Cost: Special offers start at R800 per person (~£37) – prices usually come in at ~R1600
Orbzii Tips: Cage ‘diving’ can be a misleading title. With this group you’re in the cage and hold your breath to go underwater. This is due to sharks being put off by scuba bubbles etc. And while yes, the tour does include a breakfast. It’s basic food designed to line the stomach to help with seasickness.
Great White Shark Tours
(Gansbaai / Kleinbaai)
If the small boat tours are tipping you towards bigger boat territory, hop aboard the ‘Apex Predator’. Specifically designed for shark cage diving – it also benefits from a flushing loo, changing room and some protection from the sea spray on the journey to the shark grounds. Tour numbers can reach as a high as 40 – so it’s a less intimate experience – but the larger hull should quell any seafaring nerves. At this point, it’s worth getting into this company’s chum details – as grim as it sounds. The ingredients are a ‘trade secret’ – with the owner taking years to perfect his recipe. What we can say is – sometimes you can be on a boat and see no sharks, meanwhile a boat in the same area is seeing sharks. Chum? Luck? Or just the random behaviour of wild animals? Who can say, but if he’s that cagey about his chum – we reckon it must be good.
Cost: R2300 / ~£105.50 – One of the pricier trips, but this comes with breakfast and light lunch – plus top notch kit, dry wetsuits and towels.
Orbzii Tip: Though they offer two prices, one for the full experience – wetsuit and time in the cage – and one to watch only. We recommend paying for the full experience – and deciding when you’re at sea if you want to sit the dive out. Changing, getting in and out of the cage, and getting warm again afterwards, means you miss out on the above the water action. To see the most sharks, sometimes you’re better off viewing from the boat. But an extra £9 to avoid dive FOMO is worth it.
African Shark Eco-Charters (Simon’s Town)
Another big name in the shark business is Rob Lawrence. Working with Cape Town’s sharks since the late 80s, Rob’s in demand. His Simon’s Town operation has been used by Discovery, the BBC, Animal Planet and National Geographic to get some unique footage. All fancy enough – but what about the tours? Top. Notch. Enthusiastic reviews, online accolades and they are the only shark cage diving company in Cape Town to offer scuba dives in their cages. Their boat is small but sturdy – so you’ll be viewing sharks with up to 18 other people max. The best bit? You’ll be headed to Seal Island. From May to August, this is the place to witness the impressive breaches this part of the world in renowned for. As for that ‘eco’ nod in the name. It’s backed up with an environmental policy and a ‘do no harm’ approach to all tours.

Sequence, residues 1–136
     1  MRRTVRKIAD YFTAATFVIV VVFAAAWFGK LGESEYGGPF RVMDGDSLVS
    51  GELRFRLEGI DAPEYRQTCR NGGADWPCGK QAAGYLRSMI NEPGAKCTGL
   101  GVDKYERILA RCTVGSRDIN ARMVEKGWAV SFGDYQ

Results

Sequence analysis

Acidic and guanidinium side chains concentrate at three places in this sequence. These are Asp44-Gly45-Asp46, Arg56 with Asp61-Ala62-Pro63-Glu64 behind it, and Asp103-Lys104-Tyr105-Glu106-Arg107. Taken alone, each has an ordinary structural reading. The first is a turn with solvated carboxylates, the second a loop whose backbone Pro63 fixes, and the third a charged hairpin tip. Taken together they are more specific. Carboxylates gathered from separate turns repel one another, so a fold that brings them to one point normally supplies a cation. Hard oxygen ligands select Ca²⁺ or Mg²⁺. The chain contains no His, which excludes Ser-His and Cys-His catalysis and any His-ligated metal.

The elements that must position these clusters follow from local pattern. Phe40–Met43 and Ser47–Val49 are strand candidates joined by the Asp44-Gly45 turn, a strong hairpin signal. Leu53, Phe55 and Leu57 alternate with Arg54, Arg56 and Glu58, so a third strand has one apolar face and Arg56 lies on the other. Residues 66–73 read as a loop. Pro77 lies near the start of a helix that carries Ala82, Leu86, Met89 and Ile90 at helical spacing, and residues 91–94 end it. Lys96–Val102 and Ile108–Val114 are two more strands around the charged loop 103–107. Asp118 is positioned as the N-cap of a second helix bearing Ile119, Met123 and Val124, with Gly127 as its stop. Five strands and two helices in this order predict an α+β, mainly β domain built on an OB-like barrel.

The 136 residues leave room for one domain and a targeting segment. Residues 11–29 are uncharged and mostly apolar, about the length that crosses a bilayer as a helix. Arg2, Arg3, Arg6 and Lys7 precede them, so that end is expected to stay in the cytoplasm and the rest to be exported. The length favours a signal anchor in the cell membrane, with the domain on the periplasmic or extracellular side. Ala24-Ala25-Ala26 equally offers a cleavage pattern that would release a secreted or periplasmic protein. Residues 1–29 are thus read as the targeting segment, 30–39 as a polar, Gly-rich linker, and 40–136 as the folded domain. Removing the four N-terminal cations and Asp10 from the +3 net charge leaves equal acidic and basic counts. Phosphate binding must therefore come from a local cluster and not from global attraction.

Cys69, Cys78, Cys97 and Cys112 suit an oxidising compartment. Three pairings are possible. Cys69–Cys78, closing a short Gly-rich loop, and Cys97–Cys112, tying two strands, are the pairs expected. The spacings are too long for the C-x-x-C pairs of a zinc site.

Cost: R1650 / ~£76
Orbzii Tip: Seen the seals and fancy getting closer? This company offer seal snorkelling trips where you can expect the more playful members of the colony to frolic in the water with you.
Planning your trip
Shark diving is among Cape Town’s top attractions – but it’s worth noting a few things before you jet out to see the white pointer in the flesh. Numbers are in decline off the coasts here. Although protected, the shark’s food supply hasn’t fared as well. In an intriguing twist, Cape Town also has a couple of notorious orcas who have been suspected of preying on the smaller sharks. All of which is not to put you off cage diving in Cape Town, just plan accordingly. If you’re flying here specifically to see a species, book your shark cage dive early in your trip. Weather could postpone your excursion – and if you don’t see a shark you can book another dive during your stay.
Sea bands and nautical-themed outfits in the suitcase? Let’s get you within touching distance of a great white sharpish with the Orbzii app. Dream, plan and book – but don’t touch – your shark trip today.